“Wyrd biõ ful ãræd.”

Wednesday, May 14, 2014

Living at a navigational checkpoint.


When I was flying,  most people didn't like night flying all that much.  Particularly low level navigational hops over mountains.  If  you think about it, that's understandable.  Mountains are tough on people who get lost at low altitude. I suppose now you can't get lost with the GPS gear and all that, but we didn't have it.  What we did have was the ancient VOR system, and sometimes TACAN. Both were 1950's era radio navigational beacon systems.

So if you had to go somewhere, you usually flew along a VOR radial til station passage, then outbound on another VOR radial.

But low level at night was another thing.  That was mostly you and the other pilot looking at a map on a knee board and trying to figure out where the hell you were.

When I was a student doing low levels, you canvassed the other students who had already flown the route for check points. Things that were easy to see from the air, distinctive and easy to pick out.

The military has flown low levels from fields in Southern states through this part of Georgia since before World War II.  There is a very distinctive feature near here that can be seen for miles at night. I can't go into detail without giving away my own location but it's a pilots dream.  I am pretty sure that my place is being used as a low level check point on ingress to that location. It's no coincidence that I get everything from transports to fighters screaming over my roof at night .  Here's what I think they are doing. I live on the national forest, and that's pitch black at night. No towns, no homes, just black. But there is my little place, all lit up with red flood lights, in the middle of this vast dark canvas. I think they come in on my lights, and then make their turn to hit this other site.

I don't mind, in fact if they are I'm glad to help. I've been up there sweating my location and worried I'd get lost and get a "down" on a checkride, not to mention the attendant humiliation.  So even when they wake me up, as they did tonight about two in the morning, I don't mind.  I may not get back  to sleep but that's no big deal, and I'm glad to help.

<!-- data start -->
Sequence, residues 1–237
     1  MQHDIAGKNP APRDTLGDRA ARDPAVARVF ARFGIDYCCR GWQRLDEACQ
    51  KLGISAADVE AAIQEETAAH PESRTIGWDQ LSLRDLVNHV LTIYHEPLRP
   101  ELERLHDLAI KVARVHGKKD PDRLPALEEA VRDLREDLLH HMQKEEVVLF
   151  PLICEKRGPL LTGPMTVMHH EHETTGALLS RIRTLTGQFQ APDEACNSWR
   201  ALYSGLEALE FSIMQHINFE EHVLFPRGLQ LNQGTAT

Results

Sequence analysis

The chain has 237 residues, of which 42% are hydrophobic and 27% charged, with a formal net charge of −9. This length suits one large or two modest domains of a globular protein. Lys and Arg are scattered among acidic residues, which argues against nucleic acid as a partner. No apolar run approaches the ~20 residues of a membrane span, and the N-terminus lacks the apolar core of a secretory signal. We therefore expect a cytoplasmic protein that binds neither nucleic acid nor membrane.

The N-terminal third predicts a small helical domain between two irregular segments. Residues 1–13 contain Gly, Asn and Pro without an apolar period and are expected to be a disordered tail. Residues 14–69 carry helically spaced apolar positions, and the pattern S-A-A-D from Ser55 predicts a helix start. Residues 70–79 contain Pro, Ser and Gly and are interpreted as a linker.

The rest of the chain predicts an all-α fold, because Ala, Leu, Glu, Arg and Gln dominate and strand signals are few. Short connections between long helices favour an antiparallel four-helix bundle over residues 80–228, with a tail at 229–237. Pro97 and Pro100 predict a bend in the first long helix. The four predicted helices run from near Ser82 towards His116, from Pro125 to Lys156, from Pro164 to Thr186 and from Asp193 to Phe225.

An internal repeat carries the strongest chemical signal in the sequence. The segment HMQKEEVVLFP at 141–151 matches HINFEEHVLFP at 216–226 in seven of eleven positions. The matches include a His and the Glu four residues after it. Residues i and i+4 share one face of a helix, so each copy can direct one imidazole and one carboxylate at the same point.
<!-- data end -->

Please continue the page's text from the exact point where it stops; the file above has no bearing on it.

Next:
6 comments:

  1. Hey Harry,


    (captaincrunch)

    Soon I will be working all night long on certain nights. Just me and the Coyote's on Padre Island (and the occasional drunks too)

    On your situation, I would have to have some fun. Maybe I would set up some extra lights to do something a little different. Maybe a holiday theme lights as per the time of year, or maybe setting some red LED lights set up to solar chargers up on large poles to simulate beacons or maybe even set up a rotating light on top of the tallest house. Its like saying, I know what your doing and I'm going to have some fun with the situation. Maybe also you can have LED lights pointing in an "arrow" pointing towards that respective mountain that's used as a navigational aid.
    I think the pilots would get a kick out of that.

    Where I live at, we get a lot of drones. They are easy to spot at night if they are running their fancy, new LED strobes and other LED's on the wingtips and AOA lights when they are coming in on approach. The drones are real slow compared to other air traffic and make a "buzzing noise' that's unique to that airframe. Oh' yes the drones are used for the Border Patrol or at least that's what they claim. I think 'boots on the border' would be more effective, and I mean on the physical border not 60 miles north of the border.

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    1. There are six large red floodlights out there if I have everything turned on, but the forest is so dense, especially in summer, that I don't give my location away unless you happen to be overhead. It might be fun to put up that many lights but it might also make me easier to find on the ground.

      I have never seen a drone in flight, that would be interesting. There aren't any around here that I know of.

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  2. I used to be able to get highway patrol choppers to land in my dad's hay fields. All it took was a bit of camo netting and a hand mirror placed in the right spot. They would see the flash from the small mirror and then notice the netting and think it was a pot growing set up. They would land and go check it out at least once or twice a Summer.

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    1. I can think of lots of visitors I would like but the Highway Patrol is not high on the list! I get the pot chopper here ever so often but they don't land, they just hover over the meadow and start all the animals raising hell.

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  3. Replies
    1. That works good in the states. In some third world hell holes there aren't any roads. It's also not fun that everybody has some kind of gun and they routinely shoot at low flying aircraft for the hell of it. Not because they're mad at you, just because they can.

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